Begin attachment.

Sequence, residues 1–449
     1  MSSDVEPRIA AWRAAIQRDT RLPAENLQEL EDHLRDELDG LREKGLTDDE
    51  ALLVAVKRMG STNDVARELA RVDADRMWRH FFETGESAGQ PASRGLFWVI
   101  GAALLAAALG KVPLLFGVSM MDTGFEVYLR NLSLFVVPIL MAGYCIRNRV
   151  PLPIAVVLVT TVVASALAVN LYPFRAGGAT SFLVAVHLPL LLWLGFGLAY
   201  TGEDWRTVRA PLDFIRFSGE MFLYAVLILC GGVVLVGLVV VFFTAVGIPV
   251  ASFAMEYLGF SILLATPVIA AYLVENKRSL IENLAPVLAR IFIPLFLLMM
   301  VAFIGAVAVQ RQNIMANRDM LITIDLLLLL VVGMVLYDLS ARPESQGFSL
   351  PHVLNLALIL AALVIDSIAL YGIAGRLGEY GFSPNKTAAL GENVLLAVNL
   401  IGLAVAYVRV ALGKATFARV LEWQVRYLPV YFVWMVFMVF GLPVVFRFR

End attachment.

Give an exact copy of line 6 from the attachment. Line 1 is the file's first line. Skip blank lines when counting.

   201  TGEDWRTVRA PLDFIRFSGE MFLYAVLILC GGVVLVGLVV VFFTAVGIPV